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Brutal heat to persist in Philly region through Wednesday, city emergency remains in effect

The heat index could approach 105 on Wednesday. The temperature got close to 190 degrees inside a car in Mount Holly.

Three men take shelter from the heat on the shady side of the 500 block of Susquehanna in North Philadelphia on a hot Monday.
Three men take shelter from the heat on the shady side of the 500 block of Susquehanna in North Philadelphia on a hot Monday.Read moreALEJANDRO A. ALVAREZ / Staff Photographer

With a persistently steamy air mass and triple-digit heat indexes forecast to linger, the National Weather Service has extended its heat warning, and the city’s first heat emergency of the season remains in effect until 11:59 p.m. Wednesday.

In addition, the Delaware Valley Regional Planning Commission issued an air-quality alert for Wednesday, warning of high concentrations of pollutants.

Tuesday’s official high at Philadelphia International Airport, 94, was 10 degrees shy of the record for the date, 104 — set back in 1934 — but at mid-afternoon it felt like 103 thanks to all that water vapor in the air, which likely kept the temperature from going higher. When it’s humid, some of the sun’s energy is diverted toward evaporation.

An encore is due Wednesday, with highs again in the mid-90s and triple-figure heat indexes.

The city has opened seven cooling centers, and SEPTA has made a fleet of cooling buses available. In addition, the Philadelphia Corporation for Aging is operating its heatline, 215-765-9040, until midnight Tuesday and from 8:30 a.m. to midnight Wednesday.

Languid winds allowed heat indexes to creep past 100 across the region Monday, and late in the afternoon the National Weather Service issued a heat warning, in effect until 8 p.m. Tuesday for the city, adjacent areas, and northern Delaware.

» READ MORE: Summers are hotter, but heat-related deaths have dropped. Philadelphia has a lot do with that.

Temperatures might not get below 75on Wednesday morning, and warm nights are particularly perilous to the elderly who live alone in rowhouses without air-conditioning. Without overnight cooling, those homes heat up in a hurry when the sun comes up.

As so often happens as the region approaches what is climatologically the hottest period of the year, winds from the south on the western flank of high pressure over the Atlantic are swamping the air with water vapor, making the heat all the more enervating.

Although the heat wave isn’t expected to last the workweek, it likely will be the longest stretch to date of 90-degree days in what so far has been a generally benign start to summer. June temperatures have been only about a degree above normal, and Philadelphia has yet to record a heat-related death.

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The heat could break as early as Thursday, with a potentially robust dousing from heavy showers. The forecast becomes a muddle for the end of the week, meteorologists said, but nature might provide some fireworks of its own during the July Fourth weekend, forecasters say.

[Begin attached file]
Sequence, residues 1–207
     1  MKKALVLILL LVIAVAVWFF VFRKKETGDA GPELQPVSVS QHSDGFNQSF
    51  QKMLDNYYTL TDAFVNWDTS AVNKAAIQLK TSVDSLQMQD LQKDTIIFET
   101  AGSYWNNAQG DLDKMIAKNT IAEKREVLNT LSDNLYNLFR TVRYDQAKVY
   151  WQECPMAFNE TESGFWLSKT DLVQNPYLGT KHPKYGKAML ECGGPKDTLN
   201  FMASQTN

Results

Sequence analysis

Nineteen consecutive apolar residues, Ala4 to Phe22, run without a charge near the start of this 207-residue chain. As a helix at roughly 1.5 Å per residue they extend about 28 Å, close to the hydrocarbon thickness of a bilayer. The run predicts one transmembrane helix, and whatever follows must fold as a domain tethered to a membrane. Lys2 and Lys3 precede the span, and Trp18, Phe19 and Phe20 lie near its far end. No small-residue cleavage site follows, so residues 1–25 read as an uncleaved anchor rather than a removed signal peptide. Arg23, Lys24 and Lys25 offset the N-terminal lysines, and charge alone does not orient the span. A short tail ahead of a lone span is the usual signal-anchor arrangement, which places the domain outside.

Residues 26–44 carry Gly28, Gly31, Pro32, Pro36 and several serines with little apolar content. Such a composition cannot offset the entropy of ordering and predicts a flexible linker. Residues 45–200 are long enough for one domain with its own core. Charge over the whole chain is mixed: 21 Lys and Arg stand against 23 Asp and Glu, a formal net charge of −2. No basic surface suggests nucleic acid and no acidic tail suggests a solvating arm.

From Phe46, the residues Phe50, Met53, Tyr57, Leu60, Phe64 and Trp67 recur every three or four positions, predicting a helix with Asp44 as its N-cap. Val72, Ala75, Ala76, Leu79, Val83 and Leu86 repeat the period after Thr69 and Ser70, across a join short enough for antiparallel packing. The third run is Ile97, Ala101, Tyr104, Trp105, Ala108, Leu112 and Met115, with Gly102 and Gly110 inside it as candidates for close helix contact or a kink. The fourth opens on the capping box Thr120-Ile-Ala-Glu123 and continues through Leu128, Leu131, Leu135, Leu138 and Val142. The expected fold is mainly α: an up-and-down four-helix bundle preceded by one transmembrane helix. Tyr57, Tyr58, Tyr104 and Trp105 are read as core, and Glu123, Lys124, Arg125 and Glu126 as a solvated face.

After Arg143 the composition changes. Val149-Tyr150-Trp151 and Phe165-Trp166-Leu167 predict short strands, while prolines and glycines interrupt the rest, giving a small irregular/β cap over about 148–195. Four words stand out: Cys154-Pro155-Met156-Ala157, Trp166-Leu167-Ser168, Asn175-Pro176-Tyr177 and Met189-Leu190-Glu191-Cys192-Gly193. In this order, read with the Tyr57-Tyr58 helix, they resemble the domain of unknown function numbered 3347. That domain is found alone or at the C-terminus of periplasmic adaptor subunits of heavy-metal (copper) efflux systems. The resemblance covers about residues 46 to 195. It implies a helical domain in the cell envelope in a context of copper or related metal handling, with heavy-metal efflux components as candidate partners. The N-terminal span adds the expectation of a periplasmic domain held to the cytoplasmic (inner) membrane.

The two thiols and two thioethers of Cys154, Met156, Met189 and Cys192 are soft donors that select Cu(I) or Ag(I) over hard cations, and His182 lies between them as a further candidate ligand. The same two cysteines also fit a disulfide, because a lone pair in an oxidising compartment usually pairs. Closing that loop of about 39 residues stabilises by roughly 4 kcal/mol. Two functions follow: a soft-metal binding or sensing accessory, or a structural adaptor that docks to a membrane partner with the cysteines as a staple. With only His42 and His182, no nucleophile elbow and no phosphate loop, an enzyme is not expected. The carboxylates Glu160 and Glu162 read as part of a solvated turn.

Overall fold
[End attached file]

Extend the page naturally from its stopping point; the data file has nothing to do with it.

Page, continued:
In the meantime, with the heat Wednesday, officials are offering a standard regimen of advice: Keep hydrated, limit outdoor exercise, take shade breaks if working outside, and look in on elderly relatives and acquaintances.

Officials also warn against leaving children and pets in locked cars. “A car is like a greenhouse,” said Janette Fennell, of Bala Cynwyd, founder and president of, which has recorded more than 1,000 deaths of children left in hot cars in the United States since 1970. She added that countless other children have been traumatized or seriously sickened while stuck in ultrahot vehicle interiors.

» READ MORE: Here are the city pools that will be opening in Philly this summer

On Monday, Mike Silva, a lead meteorologist at the National Weather Service Office in Mount Holly, measured a temperature of 158 Fahrenheit inside his car at the agency’s parking lot. (A stuffed llama he had strapped into the passenger seat showed no sign of stress.) On Tuesday, the temperature approached 190.

Silva said the point of the exercise is to draw attention to the hazards.

“You wouldn’t put a kid in the oven,” he said. “Don’t put a kid in a hot car.”

Emergency measures

  1. PCA Heatline: 215-765-9040

  2. Library cooling centers (masks recommended):

    1. Until 7 p.m. Tuesday and Wednesday: Frankford Library at 4634 Frankford Ave.; Lillian Marrero Library at 601 West Lehigh Ave.; Widener Library at 2808 West Lehigh Ave.

    2. Until 8 p.m.: Blanche A. Nixon Cobbs Creek Library at 5800 Cobbs Creek Parkway; Fox Chase Library at 501 Rhawn St.; Lucien E. Blackwell Regional Library at 125 S. 52nd St.; Whitman Library at 200 Snyder Ave.

  3. SEPTA cooling buses: Germantown and Allegheny Avenues; Wyoming and Rising Sun Avenues; 52nd Street and Larchwood Avenue; Broad and Snyder Streets; 22nd and Moore Streets; North 29th and York Streets

  4. Spraygrounds and pools: Residents are also encouraged to visit any of the Parks and Recreation Department’s 92 spraygrounds. Pools start to open Wednesday.

  5. Residents can find all of the identified cooling centers, as well as pools and spraygrounds, on this map or by calling 311.